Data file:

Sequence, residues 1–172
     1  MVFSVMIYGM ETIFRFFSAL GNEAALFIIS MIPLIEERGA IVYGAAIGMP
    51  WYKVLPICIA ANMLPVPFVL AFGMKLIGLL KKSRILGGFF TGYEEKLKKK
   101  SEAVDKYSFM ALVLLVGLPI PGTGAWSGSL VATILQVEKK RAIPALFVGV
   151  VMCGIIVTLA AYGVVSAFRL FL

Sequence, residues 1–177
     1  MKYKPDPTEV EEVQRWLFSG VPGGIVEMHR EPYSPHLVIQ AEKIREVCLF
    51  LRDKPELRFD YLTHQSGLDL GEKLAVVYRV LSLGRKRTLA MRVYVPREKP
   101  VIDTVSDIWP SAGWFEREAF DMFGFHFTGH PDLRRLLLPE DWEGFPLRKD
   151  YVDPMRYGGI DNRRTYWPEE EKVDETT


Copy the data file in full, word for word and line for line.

Sequence, residues 1–172
     1  MVFSVMIYGM ETIFRFFSAL GNEAALFIIS MIPLIEERGA IVYGAAIGMP
    51  WYKVLPICIA ANMLPVPFVL AFGMKLIGLL KKSRILGGFF TGYEEKLKKK
   101  SEAVDKYSFM ALVLLVGLPI PGTGAWSGSL VATILQVEKK RAIPALFVGV
   151  VMCGIIVTLA AYGVVSAFRL FL

Sequence, residues 1–177
     1  MKYKPDPTEV EEVQRWLFSG VPGGIVEMHR EPYSPHLVIQ AEKIREVCLF
    51  LRDKPELRFD YLTHQSGLDL GEKLAVVYRV LSLGRKRTLA MRVYVPREKP
   101  VIDTVSDIWP SAGWFEREAF DMFGFHFTGH PDLRRLLLPE DWEGFPLRKD
   151  YVDPMRYGGI DNRRTYWPEE EKVDETT